Suffice it to say that “the traditions — the ethical traditions — everything that comes from that faith and the faith I still practice in some ways, they matter a lot to who you are,” he said.

His family picked up on a similar sentiment. “The minute we realized the question was values, we all went to tikkun olam,” Lander said, explaining that tikkun olam has particular resonance in his family: “What is our purpose here? Our purpose is to repair the world, to help others in need of help, to take in strangers, to have empathy.”

That realization, in turn, reminded Lander of an expression found in the Mishnah, the earliest collections of rabbinic interpretations of oral Jewish law: “It’s not required that you complete the work, but neither may you refrain from it.”

In scouring the Library of Congress catalog for a copy of Mishnah, however, Lander stumbled upon something a bit more specific: a 13-page volume containing the Pirkei Avot, a subset of the Mishnah that focuses on ethics and contains the expression.

Lander couldn’t help but notice the publication date: 1492, an era when Jewish populations were expelled from the Kingdom of Spain. He’d later learn the book was produced by a Jewish printer in Naples, whose history was entangled with Spain at the time: The kingdoms were ruled by men who shared a family connection and a name — Ferdinand.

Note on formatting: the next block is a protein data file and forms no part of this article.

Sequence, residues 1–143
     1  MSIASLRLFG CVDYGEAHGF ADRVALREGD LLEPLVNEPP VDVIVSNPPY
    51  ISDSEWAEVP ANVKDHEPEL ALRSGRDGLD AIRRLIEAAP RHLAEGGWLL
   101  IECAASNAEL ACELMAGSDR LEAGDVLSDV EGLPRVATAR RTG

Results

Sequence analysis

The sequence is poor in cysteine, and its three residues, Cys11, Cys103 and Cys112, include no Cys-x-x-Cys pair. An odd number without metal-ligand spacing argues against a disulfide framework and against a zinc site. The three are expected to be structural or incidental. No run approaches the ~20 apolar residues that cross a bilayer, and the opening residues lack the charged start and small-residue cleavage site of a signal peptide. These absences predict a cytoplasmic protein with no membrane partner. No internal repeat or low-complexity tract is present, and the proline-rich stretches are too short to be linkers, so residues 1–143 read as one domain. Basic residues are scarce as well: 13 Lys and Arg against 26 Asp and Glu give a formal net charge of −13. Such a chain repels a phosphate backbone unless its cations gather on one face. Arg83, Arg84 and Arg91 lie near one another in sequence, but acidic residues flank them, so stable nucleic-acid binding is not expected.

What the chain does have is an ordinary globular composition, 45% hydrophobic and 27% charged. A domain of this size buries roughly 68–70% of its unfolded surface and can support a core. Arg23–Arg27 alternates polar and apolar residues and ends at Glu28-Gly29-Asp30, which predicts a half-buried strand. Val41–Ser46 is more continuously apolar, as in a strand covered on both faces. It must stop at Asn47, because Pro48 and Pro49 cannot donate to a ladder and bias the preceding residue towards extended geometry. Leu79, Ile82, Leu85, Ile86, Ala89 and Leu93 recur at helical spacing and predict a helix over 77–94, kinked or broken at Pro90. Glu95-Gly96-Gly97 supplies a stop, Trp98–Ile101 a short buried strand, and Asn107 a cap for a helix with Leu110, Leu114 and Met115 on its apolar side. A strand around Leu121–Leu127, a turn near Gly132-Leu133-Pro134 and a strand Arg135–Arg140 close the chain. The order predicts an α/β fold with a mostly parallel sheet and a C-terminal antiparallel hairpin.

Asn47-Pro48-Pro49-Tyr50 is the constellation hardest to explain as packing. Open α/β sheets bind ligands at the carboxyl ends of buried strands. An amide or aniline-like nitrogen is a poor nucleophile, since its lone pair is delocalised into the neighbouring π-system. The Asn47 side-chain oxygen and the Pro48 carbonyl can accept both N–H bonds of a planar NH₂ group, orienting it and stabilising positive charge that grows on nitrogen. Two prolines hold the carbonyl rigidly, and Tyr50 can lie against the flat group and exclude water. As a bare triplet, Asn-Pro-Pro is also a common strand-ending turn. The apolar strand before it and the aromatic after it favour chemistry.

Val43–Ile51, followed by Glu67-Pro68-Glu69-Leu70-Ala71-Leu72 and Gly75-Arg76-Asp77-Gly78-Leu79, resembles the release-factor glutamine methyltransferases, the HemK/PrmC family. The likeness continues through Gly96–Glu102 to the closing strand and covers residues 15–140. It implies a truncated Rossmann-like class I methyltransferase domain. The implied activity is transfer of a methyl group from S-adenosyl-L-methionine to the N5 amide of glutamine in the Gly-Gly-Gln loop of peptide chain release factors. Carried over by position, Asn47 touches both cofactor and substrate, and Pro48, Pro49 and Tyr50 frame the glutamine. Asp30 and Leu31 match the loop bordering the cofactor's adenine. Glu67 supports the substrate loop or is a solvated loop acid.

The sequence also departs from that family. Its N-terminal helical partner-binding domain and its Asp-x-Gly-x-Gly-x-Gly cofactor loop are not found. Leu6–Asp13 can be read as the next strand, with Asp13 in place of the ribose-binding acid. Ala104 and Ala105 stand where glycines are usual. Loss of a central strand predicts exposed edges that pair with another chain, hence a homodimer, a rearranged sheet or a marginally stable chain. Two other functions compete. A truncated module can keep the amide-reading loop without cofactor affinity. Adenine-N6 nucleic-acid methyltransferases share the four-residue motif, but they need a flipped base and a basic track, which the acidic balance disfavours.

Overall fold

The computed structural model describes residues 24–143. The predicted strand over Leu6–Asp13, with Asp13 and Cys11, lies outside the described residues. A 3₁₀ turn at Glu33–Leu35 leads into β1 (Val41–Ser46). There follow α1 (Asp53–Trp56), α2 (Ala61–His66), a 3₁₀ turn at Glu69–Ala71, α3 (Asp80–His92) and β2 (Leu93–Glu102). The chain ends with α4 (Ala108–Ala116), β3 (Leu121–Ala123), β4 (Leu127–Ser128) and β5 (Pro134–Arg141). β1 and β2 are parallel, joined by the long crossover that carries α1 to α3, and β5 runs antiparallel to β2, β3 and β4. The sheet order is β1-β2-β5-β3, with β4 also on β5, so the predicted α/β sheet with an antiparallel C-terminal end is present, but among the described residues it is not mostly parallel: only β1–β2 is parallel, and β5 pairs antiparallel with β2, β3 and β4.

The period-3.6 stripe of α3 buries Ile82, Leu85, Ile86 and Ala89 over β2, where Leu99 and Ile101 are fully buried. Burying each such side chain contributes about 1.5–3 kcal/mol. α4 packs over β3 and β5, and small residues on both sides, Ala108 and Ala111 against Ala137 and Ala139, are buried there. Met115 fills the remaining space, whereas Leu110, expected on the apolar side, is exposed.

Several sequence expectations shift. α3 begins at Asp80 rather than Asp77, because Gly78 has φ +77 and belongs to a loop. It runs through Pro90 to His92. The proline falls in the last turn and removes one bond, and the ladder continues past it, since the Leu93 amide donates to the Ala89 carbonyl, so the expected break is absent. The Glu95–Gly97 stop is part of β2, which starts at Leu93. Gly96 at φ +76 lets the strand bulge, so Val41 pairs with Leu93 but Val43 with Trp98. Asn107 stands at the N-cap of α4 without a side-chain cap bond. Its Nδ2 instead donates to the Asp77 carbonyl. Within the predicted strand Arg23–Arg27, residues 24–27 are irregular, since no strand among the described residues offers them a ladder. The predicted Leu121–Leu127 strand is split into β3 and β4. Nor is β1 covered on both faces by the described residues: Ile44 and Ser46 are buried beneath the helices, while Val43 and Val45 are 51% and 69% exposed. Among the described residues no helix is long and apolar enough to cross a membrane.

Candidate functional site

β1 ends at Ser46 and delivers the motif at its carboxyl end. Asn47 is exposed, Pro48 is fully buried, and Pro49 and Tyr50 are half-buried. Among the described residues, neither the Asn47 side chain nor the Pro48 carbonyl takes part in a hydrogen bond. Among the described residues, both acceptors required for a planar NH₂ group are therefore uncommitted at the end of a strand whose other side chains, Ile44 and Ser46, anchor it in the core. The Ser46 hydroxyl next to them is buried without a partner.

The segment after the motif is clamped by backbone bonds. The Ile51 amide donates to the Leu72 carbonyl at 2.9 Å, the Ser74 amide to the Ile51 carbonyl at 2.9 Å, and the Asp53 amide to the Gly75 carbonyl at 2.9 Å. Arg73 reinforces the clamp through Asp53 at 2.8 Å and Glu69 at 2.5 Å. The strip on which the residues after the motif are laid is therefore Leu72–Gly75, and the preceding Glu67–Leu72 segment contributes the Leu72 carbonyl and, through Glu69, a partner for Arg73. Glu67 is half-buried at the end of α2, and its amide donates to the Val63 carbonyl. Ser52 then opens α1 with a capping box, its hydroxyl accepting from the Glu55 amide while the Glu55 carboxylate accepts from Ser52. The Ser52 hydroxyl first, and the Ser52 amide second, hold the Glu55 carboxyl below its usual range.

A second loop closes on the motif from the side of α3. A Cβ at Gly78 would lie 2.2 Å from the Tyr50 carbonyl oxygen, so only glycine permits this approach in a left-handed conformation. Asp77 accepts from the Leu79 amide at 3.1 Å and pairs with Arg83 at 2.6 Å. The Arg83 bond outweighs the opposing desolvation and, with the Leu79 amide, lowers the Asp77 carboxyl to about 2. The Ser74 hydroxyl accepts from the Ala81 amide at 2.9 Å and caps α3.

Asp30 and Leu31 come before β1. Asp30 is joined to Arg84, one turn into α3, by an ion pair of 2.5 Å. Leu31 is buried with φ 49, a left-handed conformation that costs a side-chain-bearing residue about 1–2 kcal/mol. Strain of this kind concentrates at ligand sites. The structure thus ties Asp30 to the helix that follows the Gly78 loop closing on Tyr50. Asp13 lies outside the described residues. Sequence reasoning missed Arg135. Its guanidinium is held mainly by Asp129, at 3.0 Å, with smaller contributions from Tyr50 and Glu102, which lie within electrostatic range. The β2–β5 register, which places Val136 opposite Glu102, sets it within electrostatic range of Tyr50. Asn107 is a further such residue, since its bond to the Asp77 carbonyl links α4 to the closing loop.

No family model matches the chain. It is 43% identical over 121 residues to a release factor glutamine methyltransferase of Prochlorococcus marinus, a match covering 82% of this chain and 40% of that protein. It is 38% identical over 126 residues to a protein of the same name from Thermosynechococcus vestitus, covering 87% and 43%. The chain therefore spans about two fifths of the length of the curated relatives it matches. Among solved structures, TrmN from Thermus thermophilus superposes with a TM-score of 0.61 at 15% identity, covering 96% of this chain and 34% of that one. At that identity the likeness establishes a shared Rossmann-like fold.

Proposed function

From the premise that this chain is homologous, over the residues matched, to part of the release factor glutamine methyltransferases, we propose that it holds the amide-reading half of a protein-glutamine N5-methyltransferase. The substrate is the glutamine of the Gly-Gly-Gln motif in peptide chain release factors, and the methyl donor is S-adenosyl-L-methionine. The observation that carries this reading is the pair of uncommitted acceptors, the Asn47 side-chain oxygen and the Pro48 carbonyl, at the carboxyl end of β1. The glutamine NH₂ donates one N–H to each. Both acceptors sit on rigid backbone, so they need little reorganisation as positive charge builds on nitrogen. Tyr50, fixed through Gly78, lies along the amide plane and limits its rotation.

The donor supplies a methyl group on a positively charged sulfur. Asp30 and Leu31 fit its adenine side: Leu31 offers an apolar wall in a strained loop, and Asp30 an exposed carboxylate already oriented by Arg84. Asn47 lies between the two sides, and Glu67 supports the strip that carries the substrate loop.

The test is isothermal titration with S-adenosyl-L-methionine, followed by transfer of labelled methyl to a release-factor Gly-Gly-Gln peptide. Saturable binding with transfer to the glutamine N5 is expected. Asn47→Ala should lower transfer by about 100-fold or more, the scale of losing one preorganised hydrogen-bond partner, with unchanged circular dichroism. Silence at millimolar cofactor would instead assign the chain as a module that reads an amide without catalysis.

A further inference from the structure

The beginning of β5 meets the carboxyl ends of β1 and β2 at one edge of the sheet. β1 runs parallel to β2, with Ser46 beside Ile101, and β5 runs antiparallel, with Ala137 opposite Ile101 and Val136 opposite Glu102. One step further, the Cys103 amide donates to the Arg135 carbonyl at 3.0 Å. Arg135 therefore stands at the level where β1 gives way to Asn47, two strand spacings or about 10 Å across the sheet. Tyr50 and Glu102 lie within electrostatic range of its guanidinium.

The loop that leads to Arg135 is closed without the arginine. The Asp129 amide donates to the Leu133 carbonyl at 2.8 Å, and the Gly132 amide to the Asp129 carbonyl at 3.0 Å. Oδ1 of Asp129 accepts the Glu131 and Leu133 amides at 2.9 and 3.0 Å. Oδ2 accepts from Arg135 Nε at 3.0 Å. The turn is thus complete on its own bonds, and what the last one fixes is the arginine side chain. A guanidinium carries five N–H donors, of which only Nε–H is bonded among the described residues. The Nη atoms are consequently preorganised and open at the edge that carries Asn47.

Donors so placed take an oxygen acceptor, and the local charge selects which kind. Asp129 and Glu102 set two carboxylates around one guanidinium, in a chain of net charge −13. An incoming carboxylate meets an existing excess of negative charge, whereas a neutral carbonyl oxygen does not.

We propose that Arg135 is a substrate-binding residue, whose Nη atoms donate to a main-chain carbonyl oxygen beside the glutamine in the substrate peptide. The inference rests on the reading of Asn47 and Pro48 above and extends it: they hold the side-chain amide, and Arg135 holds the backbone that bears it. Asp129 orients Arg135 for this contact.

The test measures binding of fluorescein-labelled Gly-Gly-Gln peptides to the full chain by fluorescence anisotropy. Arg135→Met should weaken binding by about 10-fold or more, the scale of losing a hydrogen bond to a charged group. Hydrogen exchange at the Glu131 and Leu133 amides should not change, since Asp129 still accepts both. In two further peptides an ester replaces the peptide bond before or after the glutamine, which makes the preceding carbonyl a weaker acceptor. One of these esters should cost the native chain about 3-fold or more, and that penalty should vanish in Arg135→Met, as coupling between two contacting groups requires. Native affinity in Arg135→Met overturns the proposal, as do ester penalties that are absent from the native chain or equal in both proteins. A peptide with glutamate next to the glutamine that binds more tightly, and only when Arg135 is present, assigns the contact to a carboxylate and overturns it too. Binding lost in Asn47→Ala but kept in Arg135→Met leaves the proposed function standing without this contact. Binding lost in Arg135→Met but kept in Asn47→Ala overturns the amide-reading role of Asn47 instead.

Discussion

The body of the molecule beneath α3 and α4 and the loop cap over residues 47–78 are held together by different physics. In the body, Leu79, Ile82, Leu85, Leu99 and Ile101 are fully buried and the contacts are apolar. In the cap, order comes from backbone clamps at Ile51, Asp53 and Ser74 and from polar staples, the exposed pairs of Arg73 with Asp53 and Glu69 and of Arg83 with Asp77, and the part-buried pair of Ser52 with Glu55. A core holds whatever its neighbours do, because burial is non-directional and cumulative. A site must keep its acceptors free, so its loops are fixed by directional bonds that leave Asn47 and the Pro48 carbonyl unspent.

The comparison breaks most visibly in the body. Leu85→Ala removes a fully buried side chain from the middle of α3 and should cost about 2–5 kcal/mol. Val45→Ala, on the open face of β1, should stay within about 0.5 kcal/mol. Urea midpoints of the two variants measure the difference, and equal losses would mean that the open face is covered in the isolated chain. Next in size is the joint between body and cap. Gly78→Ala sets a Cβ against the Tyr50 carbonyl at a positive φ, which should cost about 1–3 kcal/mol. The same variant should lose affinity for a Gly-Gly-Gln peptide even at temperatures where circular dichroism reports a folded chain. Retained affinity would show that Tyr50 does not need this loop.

While one Ferdinand is known for setting in motion the Spanish Inquisition, the other (in Naples) was more tolerant and accepted Jewish refugees.

In listening to that history, Lander heard a lesson for modern ears.

“The world has experimented with intolerance, with the view that everybody has to think like I think, worship like I worship,” he said. “(But) the world experimented in 1492 with tolerance — with the idea that we would have a diversity of people and perspectives. I think the lessons of the 1492 era are lessons for today: coming together and making our diversity an incredible asset for this country going forward.”